Last year, the pensioners of Ireland protested when the threat of their medical card status was attacked. Equally, workers across the country protest when their livelihood is threatened. That’s democracy, something long fought for. Having worked in countries where such rights are lacking and where those seeking them are dealt with brutally, I appreciate democratic freedoms, regardless of whether I agree with the views expressed.

So where are the marches, where are the pickets outside churches, where are the cries to declare an organisation that individually and collectively abused children, and has demonstrated incompetence in governance – where are the cries to declare this unlawful?

I have waited over two weeks to hear the State, the public, speak out in real words, rather than utter platitudes. Today, what do I wake up to and repeatedly hear on every news bulletin? Requests by Bishop Donal Murray for prayers for him . . .

Am I asking too much? That is for people to consider and decide. I am merely asking that people physically demonstrate their support for me as a victim – demonstrate that they are prepared to sacrifice their needs for a short time to consider mine.

I can explain this in a simple example. For a decade I addressed my experience of abuse by in-depth counselling, exploring the horrors of my experience and the horrors of its impact on my life. When I came to a place of “closure”, for me the reality was that I needed to face my abuser, and through Archbishop Diarmuid Martin sought to achieve this.

It is no surprise that my abuser refused, and so I had to accept this – for my sake, the sake of my partner and those I love and those I am loved by – and move on. But the experience of “moving on” is not without cost.

I was christened a Catholic, and spent my childhood and adolescent life deep in Catholic practice. My experience completely violated that and my experience of the hypocrisy and violation of my rights, both then and every step through my recovery in the past decade, means for me that my faith in Catholicism is gone.

Yet all my family and many of my friends have remained Catholics – something that I accept but that is a struggle for me. Because I respect people and individual rights, I respect their decisions.

Ireland remains entrenched in Catholic practice, and so every time a relative or friend (rightly) wishes to acknowledge their faith through public expression, such as children’s christenings, first Holy Communion, Mass for the dead, weddings and the like, I am faced with the dilemma that either I exclude myself from their celebration or overcome my own feelings of discomfort and attend their choice of celebration to show them respect.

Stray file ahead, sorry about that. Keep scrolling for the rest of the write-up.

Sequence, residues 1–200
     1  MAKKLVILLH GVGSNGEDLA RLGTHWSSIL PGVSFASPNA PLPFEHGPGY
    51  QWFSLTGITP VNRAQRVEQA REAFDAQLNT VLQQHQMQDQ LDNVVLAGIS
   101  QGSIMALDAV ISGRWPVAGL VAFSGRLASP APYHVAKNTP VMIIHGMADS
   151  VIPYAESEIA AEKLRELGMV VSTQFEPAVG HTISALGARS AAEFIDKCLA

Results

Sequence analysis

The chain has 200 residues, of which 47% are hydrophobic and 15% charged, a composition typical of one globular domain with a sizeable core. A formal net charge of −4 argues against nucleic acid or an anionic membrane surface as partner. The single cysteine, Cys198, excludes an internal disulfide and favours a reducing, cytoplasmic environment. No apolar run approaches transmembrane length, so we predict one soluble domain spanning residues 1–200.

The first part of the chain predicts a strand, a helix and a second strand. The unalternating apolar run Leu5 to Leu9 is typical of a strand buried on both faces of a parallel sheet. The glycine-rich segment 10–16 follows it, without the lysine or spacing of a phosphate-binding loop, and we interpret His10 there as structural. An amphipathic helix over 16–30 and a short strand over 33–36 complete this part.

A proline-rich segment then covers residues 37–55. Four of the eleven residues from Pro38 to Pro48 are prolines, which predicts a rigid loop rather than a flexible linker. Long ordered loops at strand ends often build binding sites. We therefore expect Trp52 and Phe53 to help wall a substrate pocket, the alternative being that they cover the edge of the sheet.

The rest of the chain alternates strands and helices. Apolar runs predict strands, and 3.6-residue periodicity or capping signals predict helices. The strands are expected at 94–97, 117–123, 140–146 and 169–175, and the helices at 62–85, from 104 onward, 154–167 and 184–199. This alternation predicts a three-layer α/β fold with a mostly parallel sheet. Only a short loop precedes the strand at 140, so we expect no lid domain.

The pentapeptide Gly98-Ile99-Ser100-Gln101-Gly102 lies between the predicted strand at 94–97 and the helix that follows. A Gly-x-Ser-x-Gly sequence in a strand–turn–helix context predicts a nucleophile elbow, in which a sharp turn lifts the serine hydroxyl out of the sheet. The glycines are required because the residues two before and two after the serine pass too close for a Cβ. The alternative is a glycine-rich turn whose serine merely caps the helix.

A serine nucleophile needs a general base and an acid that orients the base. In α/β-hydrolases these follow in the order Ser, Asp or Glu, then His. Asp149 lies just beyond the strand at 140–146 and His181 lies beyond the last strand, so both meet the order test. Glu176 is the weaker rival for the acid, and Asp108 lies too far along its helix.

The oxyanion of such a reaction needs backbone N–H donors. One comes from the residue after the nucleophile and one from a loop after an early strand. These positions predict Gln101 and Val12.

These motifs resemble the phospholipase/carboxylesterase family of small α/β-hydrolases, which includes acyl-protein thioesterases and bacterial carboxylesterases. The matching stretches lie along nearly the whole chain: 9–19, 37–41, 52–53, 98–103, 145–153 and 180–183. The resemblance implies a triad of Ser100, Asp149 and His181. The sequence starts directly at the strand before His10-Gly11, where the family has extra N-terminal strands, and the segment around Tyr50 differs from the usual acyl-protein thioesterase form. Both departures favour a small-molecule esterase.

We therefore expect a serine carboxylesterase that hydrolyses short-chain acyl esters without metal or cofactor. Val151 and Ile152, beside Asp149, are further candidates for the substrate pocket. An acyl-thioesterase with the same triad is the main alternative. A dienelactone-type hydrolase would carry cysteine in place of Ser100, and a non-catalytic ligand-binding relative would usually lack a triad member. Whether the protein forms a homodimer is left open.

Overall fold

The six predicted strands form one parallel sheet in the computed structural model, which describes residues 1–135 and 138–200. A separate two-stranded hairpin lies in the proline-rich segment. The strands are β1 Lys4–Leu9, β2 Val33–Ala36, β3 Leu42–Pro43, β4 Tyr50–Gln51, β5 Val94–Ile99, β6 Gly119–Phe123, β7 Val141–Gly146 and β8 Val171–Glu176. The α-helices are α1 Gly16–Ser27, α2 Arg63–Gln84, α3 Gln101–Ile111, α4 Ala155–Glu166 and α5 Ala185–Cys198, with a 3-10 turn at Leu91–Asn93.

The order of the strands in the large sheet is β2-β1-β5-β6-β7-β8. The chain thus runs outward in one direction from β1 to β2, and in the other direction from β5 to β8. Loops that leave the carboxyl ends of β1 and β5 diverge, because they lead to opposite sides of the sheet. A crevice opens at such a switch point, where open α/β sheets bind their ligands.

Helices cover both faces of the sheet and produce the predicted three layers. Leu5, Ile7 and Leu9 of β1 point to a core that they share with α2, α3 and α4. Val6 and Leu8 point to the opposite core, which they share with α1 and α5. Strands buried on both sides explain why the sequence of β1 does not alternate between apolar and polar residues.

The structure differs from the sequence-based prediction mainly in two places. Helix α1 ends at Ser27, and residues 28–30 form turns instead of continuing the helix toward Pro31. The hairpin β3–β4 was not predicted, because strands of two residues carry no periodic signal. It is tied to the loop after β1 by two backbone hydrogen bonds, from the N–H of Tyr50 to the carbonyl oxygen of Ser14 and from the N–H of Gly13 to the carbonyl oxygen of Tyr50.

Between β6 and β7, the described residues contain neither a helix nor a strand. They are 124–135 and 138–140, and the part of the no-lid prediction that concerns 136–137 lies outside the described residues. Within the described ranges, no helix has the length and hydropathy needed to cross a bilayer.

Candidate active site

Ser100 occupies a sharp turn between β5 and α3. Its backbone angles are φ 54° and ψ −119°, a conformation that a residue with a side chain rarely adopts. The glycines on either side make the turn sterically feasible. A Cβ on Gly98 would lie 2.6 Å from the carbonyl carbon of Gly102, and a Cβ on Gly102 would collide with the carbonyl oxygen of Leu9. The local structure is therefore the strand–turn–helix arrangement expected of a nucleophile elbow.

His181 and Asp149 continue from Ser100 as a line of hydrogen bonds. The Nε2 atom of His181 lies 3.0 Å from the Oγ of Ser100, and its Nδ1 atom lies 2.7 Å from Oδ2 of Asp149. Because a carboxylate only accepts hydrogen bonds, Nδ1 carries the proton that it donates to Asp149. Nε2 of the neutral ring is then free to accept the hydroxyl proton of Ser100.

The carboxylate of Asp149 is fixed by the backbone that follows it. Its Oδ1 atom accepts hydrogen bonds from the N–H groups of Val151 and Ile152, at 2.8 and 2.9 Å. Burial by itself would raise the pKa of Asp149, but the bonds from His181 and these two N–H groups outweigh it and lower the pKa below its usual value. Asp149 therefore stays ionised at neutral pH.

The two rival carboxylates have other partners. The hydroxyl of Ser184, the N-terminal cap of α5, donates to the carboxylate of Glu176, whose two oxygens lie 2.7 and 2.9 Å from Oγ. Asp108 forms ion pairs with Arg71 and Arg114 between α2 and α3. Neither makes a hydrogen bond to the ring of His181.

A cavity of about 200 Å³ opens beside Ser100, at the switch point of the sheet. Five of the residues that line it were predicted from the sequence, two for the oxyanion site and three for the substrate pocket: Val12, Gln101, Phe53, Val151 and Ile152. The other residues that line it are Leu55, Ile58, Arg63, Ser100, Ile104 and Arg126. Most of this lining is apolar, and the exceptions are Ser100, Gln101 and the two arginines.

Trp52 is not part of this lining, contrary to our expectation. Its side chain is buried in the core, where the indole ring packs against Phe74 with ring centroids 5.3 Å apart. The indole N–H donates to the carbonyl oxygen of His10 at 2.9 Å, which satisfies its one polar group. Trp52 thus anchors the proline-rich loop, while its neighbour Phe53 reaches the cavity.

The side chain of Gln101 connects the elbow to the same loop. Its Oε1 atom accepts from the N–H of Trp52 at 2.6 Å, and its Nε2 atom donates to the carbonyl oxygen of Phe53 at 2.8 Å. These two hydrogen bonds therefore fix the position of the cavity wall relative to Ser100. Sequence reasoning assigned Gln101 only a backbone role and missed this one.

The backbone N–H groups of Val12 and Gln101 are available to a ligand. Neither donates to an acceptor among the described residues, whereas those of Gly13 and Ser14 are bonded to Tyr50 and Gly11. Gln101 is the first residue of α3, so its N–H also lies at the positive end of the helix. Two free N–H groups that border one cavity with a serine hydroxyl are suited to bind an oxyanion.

This may seem easy, but on a personal level, it means sometimes that I am there in a church (the place where a considerable amount of my abuse occurred), facing representatives of the clerical organisation that abused me, managing rising panic attacks, trying not to let my physical and emotional discomfort show.

It is my choice to deal with these situations and therefore accept any pain or discomfort I experience. But I ask that the people of Ireland now show me, as a victim, equal respect and support.

I do not ask anyone to abandon their practice of Catholic faith, I am merely asking the people of Ireland to demonstrate a protest to the Catholic Church in Ireland and to Rome, which governs it all. I ask the people of Ireland to choose to demonstrate their feelings to me and all victims in Ireland by:

  • Protesting for one week outside churches in Ireland when services are on.
  • Withdrawing funding from an organisation that, in Irish terms, has been responsible for an “Irish holocaust” of physical and mental abuse of hundreds of children, as children and beyond into their adult lives.
  • Outlawing (proscribing) the Catholic organisation until such time as it (like other organisations which we have banned during our history) demonstrates that it has fully reformed itself.
  • Requiring the church to publish the list of churches and timeframes where and when abuse occurred (those listed in the reports and those not listed, ie outside the sample of cases).
  • Forcing the Government truly to separate State and church through requiring Catholic clergy, and the religious, to resign from school boards/management, hospital boards/management, health services boards/management, etc.
  • Requiring any public servant who has expressed support – through inaction or through words of bureaucratic mumble-jumble – for the Catholic hierarchy, or the papal nuncio, to resign.
  • Requiring clerics in positions of governance who failed to act appropriately to resign rather than hide behind word games of “reflection”, “mental reservation” and such utterances, insulting to victims such as myself.

As a child I was powerless in the face of my abuser. As an adult victim, I am now required to have strength, to stand up and be counted, to come forward (as Noel Dempsey asked), to understand the nuances of diplomatic procedure (as Brian Cowen asked) to . . .

When will it stop for me and others?

When will the people of Ireland stand up for me and others?

When will it be over for me and for others – and unfortunately for others who have yet to come? Everything tells me that nothing has changed, that it can still happen. That it is still happening.